Tuesday, July 10, 2012
The Nexus of Fiction and Reality
In "The Ambivalent Corpse" and in my upcoming (Summer, 2012) novel "The Matador Murders", we meet a character named Andrea, a scientist at the University of the Republic in Montevideo, who is studying affordable methods for the analysis of the microcystins, a family of toxins produced in rivers, estuaries, and lakes by various species of blue-green algae. She also gets mentioned in some of my other blogs. Her character is based on a real scientist studying these algal toxins in Uruguay who I've been collaborating with for more than a decade. So, what's real and what's fiction? Let me give you a few hints; these are references to, and abstracts from, actual scientific papers published in the peer-reviewed literature that I have copied from Pub Med:
1. From Brena et al., (2006). ITREOH Building of Regional Capacity to Monitor Recreational Water: Development of a Non-commercial Microcystin ELISA and Its Impact on Public Health Policy. INT J OCCUP ENVIRON HEALTH 12:377–385.
ABSTRACT: In 2001, a University of California, Davis–University of the Republic, Montevideo, partnership created a Fogarty ITREOH program to exploit the potential of ELISA to provide a low-cost environmental analysis attractive to economically distressed countries of temperate South America. This paper describes the development and validation of an ELISA method for the determination of Cyanobacteria microcystin toxins in algal blooms, which release hepatotoxic metabolites that can reach toxic levels in rivers, lakes, or coastal estuaries used for recreation or water supplies. The assay made possible the first systematic monitoring of water from the Rio de la Plata at Montevideo over two summers. The project has been integrated into a bi-national [Uruguay-Argentina] effort to monitor the Rio de la Plata.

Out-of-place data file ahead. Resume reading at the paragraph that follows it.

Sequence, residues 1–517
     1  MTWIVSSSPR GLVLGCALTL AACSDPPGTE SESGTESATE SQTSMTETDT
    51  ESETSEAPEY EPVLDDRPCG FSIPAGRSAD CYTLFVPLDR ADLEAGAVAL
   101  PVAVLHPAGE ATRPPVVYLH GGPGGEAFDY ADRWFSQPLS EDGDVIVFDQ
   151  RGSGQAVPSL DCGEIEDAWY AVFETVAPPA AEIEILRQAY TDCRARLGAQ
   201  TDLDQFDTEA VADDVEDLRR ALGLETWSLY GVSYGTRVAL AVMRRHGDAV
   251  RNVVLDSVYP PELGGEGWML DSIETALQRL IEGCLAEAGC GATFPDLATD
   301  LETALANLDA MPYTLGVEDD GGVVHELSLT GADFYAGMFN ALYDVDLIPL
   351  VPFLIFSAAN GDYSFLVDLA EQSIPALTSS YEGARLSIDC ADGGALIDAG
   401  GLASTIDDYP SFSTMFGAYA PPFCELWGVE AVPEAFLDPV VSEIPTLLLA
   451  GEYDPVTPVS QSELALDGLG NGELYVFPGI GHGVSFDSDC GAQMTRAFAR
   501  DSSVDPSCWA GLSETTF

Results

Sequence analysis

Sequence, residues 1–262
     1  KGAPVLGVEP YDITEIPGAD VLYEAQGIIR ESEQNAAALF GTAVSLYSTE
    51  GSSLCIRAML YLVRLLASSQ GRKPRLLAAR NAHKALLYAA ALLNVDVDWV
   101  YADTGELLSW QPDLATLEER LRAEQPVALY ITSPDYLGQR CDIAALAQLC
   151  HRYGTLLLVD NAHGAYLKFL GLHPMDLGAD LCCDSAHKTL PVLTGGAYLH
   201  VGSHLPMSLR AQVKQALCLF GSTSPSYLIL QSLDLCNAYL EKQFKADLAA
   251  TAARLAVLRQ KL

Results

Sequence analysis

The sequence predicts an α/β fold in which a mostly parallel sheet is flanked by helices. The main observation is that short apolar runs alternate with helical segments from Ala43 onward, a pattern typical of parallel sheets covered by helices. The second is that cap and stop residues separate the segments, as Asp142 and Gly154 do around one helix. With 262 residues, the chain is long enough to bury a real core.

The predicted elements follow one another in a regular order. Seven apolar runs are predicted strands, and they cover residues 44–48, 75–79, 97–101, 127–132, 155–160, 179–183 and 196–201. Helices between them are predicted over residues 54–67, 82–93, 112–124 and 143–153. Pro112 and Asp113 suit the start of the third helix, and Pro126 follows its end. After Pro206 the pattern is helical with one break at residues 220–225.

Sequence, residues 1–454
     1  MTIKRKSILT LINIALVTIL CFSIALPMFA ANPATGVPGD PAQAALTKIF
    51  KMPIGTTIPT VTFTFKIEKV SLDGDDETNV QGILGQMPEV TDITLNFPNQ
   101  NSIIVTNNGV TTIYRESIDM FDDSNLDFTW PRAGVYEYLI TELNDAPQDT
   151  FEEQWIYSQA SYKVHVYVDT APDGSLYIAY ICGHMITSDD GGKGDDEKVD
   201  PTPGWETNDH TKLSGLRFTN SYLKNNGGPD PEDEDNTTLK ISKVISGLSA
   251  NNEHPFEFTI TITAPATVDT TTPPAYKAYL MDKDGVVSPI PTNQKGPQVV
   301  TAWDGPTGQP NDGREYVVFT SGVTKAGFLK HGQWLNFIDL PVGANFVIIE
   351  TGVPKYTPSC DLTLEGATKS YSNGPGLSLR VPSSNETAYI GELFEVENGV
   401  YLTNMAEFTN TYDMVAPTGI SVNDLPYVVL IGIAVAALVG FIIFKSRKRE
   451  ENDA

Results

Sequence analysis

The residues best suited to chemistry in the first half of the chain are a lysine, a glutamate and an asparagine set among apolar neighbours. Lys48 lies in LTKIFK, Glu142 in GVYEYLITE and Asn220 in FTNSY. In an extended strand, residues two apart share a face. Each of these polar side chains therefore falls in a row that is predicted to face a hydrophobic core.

2. From Brena et al., (2006). ELISA as an Affordable Methodology for Monitoring Groundwater Contamination by Pesticides in Low-Income Countries. Environ. Sci. Technol. 39, 3896-3903.
The traditional instrumental technology for pesticide residue analysis is too expensive and labor-intense to meet the regional needs concerning environmental monitoring. ELISA methodology was used for a pilot scale study of groundwater quality in an agricultural region a few kilometers southwest of Montevideo, the capital city of Uruguay. The study spanned 2 years and examined concentrations (detection limits are given in [ppb]) of two triazine herbicides (simazine [0.3] and atrazine [0.4]) and the carbamate insecticide carbaryl and its major metabolite 1-naphthol. In general, pesticide concentrations were below detection limits in the samples tested and in all cases were well below the maximum contaminant levels set by the U.S. EPA. 1-Naphthol was detected frequently by ELISA, but the assay may have tended to systematically overestimate this analyte. To our knowledge, this is the first study of its type in Uruguay and perhaps the first systematic approach to monitoring for organic pesticides in groundwater sources in the temperate region of South America.